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On a topical and monumental edition of After Hours AM/The Criminal Code — True Crime every Wednesday 9-11pE with hosts Joel Sturgis, Eric Olsen, and secret weapon, forensic psychologist Dr. Clarissa Cole — we examine the tumultuous, tragic, and tectonic events of Charlottesville, VA this past weekend and the ongoing aftermath with well-known author and journalist Jackson Landers, a resident of Charlottesville and observer of events on the ground. Jackson joins us at 10pE; at 9pE, Clarissa leads us through the week’s other True Crime highlights.

White nationalists gathered on Saturday for a “Unite the Right” march in the relatively progressive town of Charlottesville, VA, home of the University of Virginia. The rally was organized in opposition to a plan by local officials to remove a statue of Robert E. Lee, the Confederacy’s top general, from Emancipation Park in Charlottesville. That plan prompted a similar protest in May, led by the white nationalist Richard B. Spencer, as well as a Ku Klux Klan rally in July. The tectonic forces behind the rally run much deeper than the removal of statues. Right-wing extremism, including white nationalism and white supremacy, is on the rise, according to the Southern Poverty Law Center. Many feel this extremism and attendant violence have been exacerbated by attitudes and policies of President Trump.

Charlottesville Robert E Lee statue

Around 1:45 p.m., a car plowed into a group of counterprotesters and another car. One person was killed: Heather Heyer, 32, a paralegal from Charlottesville who was “a passionate advocate for the disenfranchised and was often moved to tears by the world’s injustices.” The driver of the car was James Alex Fields Jr., 20, of Maumee, Ohio, a city near Toledo, officials said. He faces an array of charges, including second-degree murder.

Two state troopers also died on Saturday. Lt. H. Jay Cullen and Trooper Berke M. M. Bates were in a helicopter monitoring the demonstrations, when the helicopter fell and burst into flames. In total, at least 34 people were wounded in the clashes.

On Saturday afternoon, President Trump met criticism for condemning the “egregious display of hatred, bigotry and violence on many sides” without singling out white nationalists or neo-Nazis as instigators. On Monday, Trump declared, “Racism is evil,” adding that “those who cause violence in its name are criminals and thugs, including the K.K.K., neo-Nazis, white supremacists and other hate groups that are repugnant to everything we hold dear as Americans.” But on Tuesday, he reversed himself again, declaring at a news conference, “You had a group on one side that was bad. You had a group on the other side that was also very violent. Nobody wants to say that. I’ll say it right now.”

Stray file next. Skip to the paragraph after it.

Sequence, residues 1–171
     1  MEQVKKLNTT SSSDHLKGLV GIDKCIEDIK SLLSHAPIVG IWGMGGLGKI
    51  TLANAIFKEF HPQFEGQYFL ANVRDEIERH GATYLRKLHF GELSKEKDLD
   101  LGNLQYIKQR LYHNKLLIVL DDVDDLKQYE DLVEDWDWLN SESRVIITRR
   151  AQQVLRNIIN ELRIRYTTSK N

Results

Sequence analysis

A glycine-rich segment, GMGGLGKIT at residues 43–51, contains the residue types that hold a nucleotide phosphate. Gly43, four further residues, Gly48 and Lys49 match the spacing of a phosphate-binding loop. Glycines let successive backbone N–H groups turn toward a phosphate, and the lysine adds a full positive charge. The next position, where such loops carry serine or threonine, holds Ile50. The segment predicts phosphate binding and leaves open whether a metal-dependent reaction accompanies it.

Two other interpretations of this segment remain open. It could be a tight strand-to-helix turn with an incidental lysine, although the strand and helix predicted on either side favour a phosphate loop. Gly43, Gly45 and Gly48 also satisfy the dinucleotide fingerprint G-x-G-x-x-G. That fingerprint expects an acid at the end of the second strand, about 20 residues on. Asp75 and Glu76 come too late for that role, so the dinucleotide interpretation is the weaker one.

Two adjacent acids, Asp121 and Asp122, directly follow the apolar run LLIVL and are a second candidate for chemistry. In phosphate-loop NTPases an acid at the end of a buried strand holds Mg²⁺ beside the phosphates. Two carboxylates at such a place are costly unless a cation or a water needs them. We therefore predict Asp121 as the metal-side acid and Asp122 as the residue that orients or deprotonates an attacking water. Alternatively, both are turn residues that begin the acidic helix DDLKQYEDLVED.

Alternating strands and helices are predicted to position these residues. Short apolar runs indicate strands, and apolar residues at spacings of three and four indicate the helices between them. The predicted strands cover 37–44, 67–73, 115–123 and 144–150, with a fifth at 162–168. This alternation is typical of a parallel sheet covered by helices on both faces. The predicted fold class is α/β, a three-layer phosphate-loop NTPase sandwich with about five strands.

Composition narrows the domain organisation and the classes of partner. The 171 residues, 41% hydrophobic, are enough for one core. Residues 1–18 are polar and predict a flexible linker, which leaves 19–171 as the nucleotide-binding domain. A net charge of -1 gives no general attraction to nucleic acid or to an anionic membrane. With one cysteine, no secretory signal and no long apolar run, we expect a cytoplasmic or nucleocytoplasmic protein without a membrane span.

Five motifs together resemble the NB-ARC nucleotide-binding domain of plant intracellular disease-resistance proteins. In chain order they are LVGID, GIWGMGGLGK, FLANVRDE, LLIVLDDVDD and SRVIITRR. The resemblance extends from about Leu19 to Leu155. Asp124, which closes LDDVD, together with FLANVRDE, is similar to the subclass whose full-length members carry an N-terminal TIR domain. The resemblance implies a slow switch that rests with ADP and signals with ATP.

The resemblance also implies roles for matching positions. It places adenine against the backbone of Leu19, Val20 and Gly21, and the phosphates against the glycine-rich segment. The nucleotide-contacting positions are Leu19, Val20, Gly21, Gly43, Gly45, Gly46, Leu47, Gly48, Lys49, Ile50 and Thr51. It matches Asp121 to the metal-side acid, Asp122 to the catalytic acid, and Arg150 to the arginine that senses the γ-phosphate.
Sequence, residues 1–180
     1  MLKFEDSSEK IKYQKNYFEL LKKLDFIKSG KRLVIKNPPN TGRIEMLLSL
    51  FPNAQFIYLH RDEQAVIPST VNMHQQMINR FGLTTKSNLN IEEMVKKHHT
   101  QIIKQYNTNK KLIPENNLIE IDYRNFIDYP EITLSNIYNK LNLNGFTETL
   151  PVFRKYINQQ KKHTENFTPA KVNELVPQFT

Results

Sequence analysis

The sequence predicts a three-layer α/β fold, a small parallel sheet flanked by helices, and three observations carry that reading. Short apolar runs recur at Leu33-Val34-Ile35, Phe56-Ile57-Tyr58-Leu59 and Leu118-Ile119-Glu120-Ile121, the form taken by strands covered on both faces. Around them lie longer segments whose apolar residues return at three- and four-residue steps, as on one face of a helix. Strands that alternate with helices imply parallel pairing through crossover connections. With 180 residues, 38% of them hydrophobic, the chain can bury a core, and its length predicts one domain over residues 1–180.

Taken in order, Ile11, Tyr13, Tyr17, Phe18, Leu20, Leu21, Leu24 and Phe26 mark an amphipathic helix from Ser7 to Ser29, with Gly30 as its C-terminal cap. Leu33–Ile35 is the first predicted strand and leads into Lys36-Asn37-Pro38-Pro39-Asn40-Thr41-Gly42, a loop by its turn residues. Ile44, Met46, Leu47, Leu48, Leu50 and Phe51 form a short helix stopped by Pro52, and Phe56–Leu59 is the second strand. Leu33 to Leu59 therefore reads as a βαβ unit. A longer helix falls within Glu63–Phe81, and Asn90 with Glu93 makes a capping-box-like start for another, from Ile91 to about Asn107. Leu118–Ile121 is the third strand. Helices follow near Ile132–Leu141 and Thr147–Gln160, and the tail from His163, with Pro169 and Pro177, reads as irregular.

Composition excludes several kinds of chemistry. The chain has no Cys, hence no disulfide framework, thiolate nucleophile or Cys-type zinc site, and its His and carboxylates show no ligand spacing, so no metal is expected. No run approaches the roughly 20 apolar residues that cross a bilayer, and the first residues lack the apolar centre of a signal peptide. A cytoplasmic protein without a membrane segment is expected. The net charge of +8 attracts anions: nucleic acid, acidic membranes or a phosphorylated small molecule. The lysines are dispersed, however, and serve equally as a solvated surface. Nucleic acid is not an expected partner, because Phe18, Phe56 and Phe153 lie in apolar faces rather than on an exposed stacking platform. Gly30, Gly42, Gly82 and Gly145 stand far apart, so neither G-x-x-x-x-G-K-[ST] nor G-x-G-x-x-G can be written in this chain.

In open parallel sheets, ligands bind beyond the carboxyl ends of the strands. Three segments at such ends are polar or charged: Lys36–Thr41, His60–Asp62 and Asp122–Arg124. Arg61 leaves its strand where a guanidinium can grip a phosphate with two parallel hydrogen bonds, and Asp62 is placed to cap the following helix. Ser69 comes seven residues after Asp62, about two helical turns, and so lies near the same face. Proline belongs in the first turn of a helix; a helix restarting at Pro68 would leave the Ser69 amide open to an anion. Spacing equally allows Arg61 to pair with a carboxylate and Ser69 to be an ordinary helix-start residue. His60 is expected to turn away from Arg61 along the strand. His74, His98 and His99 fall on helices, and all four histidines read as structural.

Jackson Landers Charlottesville

Jackson Landers

Jackson Landers is an author, journalist and adventurer specializing in science and history, in particular invasive species and de-extinction. His work has been published in Smithsonian, Slate, The Washington Post, Mental Floss, Thrillist and The New York Times. He is a resident of Charlottesville, is a host on local progressive talk radio station WPVC, and has been covering the events on the ground there as they have been unfolding. His most recent book, Eating Aliens, chronicles a year and a half spent hunting and fishing for invasive species and finding out whether we can eat our way out of some ecological disasters.

Greg Petitt

Greg Petitt has been reporting local news for WCHV radio in Charlottesville, Virginia since 2014. He was involved and uninjured when James Fields, Jr. ran his car into a crowd of protestors and two other cars at a Charlottesville protest. Mr. Petitt feels no allegiance to any political party, but says he tries to be kind to others, without regard to their own beliefs.

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